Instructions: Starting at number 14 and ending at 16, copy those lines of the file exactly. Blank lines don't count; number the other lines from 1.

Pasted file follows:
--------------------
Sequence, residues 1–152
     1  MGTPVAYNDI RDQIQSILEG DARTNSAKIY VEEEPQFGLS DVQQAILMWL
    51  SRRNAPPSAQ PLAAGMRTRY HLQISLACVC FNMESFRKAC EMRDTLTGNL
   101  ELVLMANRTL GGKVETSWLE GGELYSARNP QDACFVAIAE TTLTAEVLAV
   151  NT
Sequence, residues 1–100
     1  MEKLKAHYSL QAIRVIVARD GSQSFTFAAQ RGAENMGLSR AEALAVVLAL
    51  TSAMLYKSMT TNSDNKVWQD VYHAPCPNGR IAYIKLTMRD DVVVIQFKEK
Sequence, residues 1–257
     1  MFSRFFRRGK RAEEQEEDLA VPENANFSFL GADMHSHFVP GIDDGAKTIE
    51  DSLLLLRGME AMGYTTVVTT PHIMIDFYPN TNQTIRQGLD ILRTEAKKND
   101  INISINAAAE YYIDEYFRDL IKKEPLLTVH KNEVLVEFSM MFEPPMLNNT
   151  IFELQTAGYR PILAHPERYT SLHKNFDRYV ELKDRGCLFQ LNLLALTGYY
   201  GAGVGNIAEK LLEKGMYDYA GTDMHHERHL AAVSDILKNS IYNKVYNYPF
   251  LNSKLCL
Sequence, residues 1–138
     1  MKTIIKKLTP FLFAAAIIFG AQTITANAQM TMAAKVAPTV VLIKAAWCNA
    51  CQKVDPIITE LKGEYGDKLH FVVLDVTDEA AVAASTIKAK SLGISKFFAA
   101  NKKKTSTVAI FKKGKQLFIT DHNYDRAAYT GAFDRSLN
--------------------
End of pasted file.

   201  GAGVGNIAEK LLEKGMYDYA GTDMHHERHL AAVSDILKNS IYNKVYNYPF
   251  LNSKLCL
Sequence, residues 1–138